The causes of infertility, which affects around 10% of couples, are often unknown, but may in some cases result from the body's inability to produce viable gametes — also known as sperm and egg cells. The first study of the development of such 'germ cells' from humans could help scientists to learn how to create them in the laboratory instead.

Even though the reproductive age for humans is around 15–45 years old, the precursor cells that go on to produce human eggs or sperm are formed much earlier, when the fertilized egg grows into a tiny ball of cells in the mother’s womb. This ball of cells contains ‘pluripotent stem cells’ — blank slates that can be programed into any type of cell in the body — and researchers are hoping to use these stem cells to treat various conditions, including infertility.

But little is known about the early developmental stages of human gametes — owing to the sensitivity of working with human tissue — and most work in this area has been conducted using mice. In a Nature Cell Biology paper today, researchers from the University of California, Los Angeles, trace the development of early germ cells in human fetuses of between 6 to 20 weeks and analyzed when genes were turned on or off.

The DNA within these early germ cells carries 'epigenetic modifications' — structural changes that do not affect the DNA sequence itself but do affect the way that genes are expressed. These changes may have accumulated during the parents’ lives, and need to be erased during the fetal stage. The study found two major events that wipe out, or reprogram, epigenetic modifications. Most of this reprograming happened before 6 weeks, but the authors found a second event that completes the reprograming after 6 weeks.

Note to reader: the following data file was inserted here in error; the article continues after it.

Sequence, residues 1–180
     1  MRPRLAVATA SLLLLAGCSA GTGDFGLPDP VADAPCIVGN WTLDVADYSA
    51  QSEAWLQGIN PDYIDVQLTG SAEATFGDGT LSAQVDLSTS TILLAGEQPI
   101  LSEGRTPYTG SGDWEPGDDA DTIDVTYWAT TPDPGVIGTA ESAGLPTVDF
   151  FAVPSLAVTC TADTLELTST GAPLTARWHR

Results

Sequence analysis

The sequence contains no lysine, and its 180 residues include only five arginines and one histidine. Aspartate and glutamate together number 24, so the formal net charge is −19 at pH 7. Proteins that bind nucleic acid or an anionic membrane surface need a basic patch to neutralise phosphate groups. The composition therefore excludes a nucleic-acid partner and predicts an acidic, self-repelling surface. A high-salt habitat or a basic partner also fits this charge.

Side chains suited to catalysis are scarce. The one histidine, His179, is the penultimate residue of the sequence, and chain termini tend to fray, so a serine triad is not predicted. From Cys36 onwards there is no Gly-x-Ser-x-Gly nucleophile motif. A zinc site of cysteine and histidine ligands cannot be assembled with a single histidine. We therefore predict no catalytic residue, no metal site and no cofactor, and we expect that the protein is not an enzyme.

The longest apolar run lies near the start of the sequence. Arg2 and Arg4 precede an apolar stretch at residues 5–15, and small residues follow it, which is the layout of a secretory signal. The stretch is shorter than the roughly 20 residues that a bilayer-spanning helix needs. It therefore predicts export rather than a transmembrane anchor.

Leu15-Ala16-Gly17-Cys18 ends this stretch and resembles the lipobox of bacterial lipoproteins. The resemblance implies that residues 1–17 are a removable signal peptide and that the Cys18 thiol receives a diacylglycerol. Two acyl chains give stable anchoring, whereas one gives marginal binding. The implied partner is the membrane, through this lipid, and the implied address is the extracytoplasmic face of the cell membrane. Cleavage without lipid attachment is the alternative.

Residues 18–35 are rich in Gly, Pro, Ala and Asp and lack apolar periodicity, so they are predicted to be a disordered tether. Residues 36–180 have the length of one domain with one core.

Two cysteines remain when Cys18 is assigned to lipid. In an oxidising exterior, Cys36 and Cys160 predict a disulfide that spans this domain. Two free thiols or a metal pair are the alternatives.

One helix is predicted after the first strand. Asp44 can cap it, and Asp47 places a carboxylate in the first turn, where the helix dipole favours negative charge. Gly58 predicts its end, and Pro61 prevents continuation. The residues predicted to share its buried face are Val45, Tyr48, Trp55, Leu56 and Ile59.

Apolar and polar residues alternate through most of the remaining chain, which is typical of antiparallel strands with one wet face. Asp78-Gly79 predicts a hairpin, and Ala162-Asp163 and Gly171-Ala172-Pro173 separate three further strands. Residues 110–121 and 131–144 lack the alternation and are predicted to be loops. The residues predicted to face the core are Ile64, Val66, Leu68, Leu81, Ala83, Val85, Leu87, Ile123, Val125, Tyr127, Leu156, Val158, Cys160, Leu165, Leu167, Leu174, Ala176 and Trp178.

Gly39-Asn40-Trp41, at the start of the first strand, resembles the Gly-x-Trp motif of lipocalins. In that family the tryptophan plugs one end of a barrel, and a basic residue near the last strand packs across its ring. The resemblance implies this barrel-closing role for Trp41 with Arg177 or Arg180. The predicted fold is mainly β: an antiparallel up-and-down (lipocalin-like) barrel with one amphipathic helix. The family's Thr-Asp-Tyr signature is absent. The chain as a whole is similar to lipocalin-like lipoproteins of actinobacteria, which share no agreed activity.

“This is an important and fundamental paper for understanding human germ-line cells and finding the basic information about human germ-cell biology,” says reproductive biologist Evelyn Telfer of the University of Edinburgh, UK. “The researchers are clearly working in an uncharted area.”

The Los Angeles team worked with anonymized samples from aborted fetuses (after consent) from the University of Washington's Birth Defects Research Laboratory in Seattle.

The researchers also observed that 6-week-old germ cells created in the lab do not match a 6-week-old human germ cell, suggesting that there is a blockage in the development of lab cells that scientists are failing to understand.

“Next, we need to look at what is missing to coax immature germ cells to become eggs or sperm in the lab. If we have no road map to follow, then we are just guessing. Now we have a snapshot of what these cells should look like, we can start to try and mimic them,” says study co-author Amander Clark.

This article is reproduced with permission from the magazine Nature. The article was first published on December 16, 2012.